Robert McNamara was also a numbers man.  And he ran the Vietnam War by the numbers.  He carefully determined what U.S. forces could NOT attack.  (Any place outside South Vietnam was basically a sanctuary for the enemy.)  And he introduced the body count.  There was no strategy to win.  Just a policy to verify you were killing more of theirs than they were killing of yours.  Wars of attrition, though, take years.  And lives.  On both sides.  Americans don’t like sitting back and waiting for enough of their sons to die to declare victory.  McNamara failed to see the big picture.  Strategy.  He just tried to make the combat efficient.  Which did little to inhibit the enemy from making war. 

Managing costs is important.  It can improve profits.  But it can’t grow sales.  And if you can grow sales, you’ll be able to pay your costs.  Even if they are high and inefficient.  Few companies fail because they have a cost problem.  They file because they have a revenue problem.  They lack sales.  Cost cutting cannot fix this problem.  It can temporarily help reduce operating losses.  But if you don’t increase sales, you’ll probably fail in the long run.

There are detail people.  And people with vision.  Rarely are people both.  Rockefeller was.  Smith and McNamara were detail men.  They could not see the forest for the trees.  And this is the problem in health care.  We’re not looking at the big picture of medical care.  We’re looking at the details of cost. 

YOU WOULD THINK that doctors would oppose the government taking over health care.  Because when governments do, they tend to put salary caps on doctors.  Kinda diminishes the return on all that costly medical training.  I talked to two recently who favor a national solution.  Why?  Because of costs.  They like Medicare.  Because it’s simple.  Most of their patients are seniors.  So the bulk of their billings are uniform.  Medicare reimbursements.  They like anything that simplifies their overhead costs.  Private insurance companies don’t do this.  They’re not all the same.  Different people to call.  Different procedures.  Different approved tests.  Different paperwork.  And more of it.  And a bigger staff to handle it.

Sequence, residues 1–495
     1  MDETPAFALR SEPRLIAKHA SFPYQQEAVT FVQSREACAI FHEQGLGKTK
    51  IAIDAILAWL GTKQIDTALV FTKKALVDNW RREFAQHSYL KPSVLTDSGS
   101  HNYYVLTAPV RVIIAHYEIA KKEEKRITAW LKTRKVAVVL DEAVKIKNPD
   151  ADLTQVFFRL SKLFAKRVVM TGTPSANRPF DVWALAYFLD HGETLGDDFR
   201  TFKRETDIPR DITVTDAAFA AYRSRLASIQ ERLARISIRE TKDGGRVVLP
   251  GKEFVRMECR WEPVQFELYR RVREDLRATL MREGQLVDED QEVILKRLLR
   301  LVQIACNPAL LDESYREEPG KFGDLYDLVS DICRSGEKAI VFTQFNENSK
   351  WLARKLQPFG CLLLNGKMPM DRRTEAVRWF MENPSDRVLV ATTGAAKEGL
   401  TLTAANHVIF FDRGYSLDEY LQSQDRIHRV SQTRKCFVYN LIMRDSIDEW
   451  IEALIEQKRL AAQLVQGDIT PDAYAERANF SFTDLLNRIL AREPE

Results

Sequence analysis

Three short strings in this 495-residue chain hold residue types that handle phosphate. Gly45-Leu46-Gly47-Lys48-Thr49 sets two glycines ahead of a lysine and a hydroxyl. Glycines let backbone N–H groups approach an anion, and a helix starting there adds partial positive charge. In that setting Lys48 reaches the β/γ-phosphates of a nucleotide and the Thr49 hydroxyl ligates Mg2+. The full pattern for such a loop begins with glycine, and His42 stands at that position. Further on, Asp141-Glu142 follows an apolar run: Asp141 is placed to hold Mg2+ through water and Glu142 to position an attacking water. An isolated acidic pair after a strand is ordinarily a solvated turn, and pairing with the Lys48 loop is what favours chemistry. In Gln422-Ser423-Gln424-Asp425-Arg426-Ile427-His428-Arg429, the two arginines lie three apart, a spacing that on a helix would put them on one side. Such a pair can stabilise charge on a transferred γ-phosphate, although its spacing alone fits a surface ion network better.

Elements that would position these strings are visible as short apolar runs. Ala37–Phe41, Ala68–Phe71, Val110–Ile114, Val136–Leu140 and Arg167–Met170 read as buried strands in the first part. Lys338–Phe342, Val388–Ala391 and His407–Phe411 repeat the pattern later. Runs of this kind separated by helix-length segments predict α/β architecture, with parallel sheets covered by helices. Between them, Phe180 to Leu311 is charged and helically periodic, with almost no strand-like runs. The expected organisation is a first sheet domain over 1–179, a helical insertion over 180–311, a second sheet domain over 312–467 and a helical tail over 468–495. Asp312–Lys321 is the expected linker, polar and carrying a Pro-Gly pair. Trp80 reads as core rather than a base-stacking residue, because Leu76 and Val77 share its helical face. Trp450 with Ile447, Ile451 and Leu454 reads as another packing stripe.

Doctors hate paperwork.  No doctor ever went through medical school because they wanted to shuffle paper.  Or because they wanted to fend off malpractice lawsuits.  Doctors are under a bureaucratic assault.  They spend more time with paperwork than with patients.  And paperwork does have a cost.  As do frivolous lawsuits.  A government takeover would standardize the one.  And, hopefully, eliminate the other.

I understand these doctors’ concern.  But they can’t see the forest for the trees.  Government is not going to approach health care from a medical basis.  They’ll approach it from a cost basis.  They’ll use statistical analysis.  They will manage care to maximize cost efficiency.  They will approach health care like Smith did in GM and McNamara did in Vietnam.  They’ll crunch the numbers.  Then determine what health care is cost effective.

THEY PROBABLY NEED no introduction.  Most people are family with the British comedy troupe called Monty Python.  Funny, a bit naughty and rather bookish, they’ve appealed to the masses across generations.  They spent a lot of time researching before making some of their movies.  Reading books.  The realism it adds made some of the funniest scenes.  A Roman centurion gives a Jewish terrorist a Latin lesson at the point of a sword (Life of Brian).  Dennis the constitutional peasant arguing with King Arthur (Monty Python and the Holy Grail).  And this scene from The Meaning of Life during a live birth lampooning the British National Health Service:

Nurse:  The administrator’s here, doctor.

First Doctor:  Switch everything on!

[They scramble to do so.  Machines turn on with flashes and sounds.  The administrator enters.]

Administrator:  Morning, gentlemen.

First and Second Doctors:  Morning Mr. Pycroft.

Administrator:  Very impressive. Very impressive.  And what are you doing this morning?

First Doctor:  It’s a birth.

Administrator:  Ah, what sort of thing is that?

Second Doctor:  Well, that’s when we take a new baby out of a lady’s tummy.

Administrator:  Wonderful what we can do nowadays.  [A machine makes a ‘ping’ sound.]  Ah!  I see you have the machine that goes ‘ping’.  This is my favorite.  You see we leased this back from the company we sold it to.  That way it comes under the monthly current budget and not the capital account.  [They all applaud.]  Thank you, thank you.  We try to do our best.  Well, do carry on.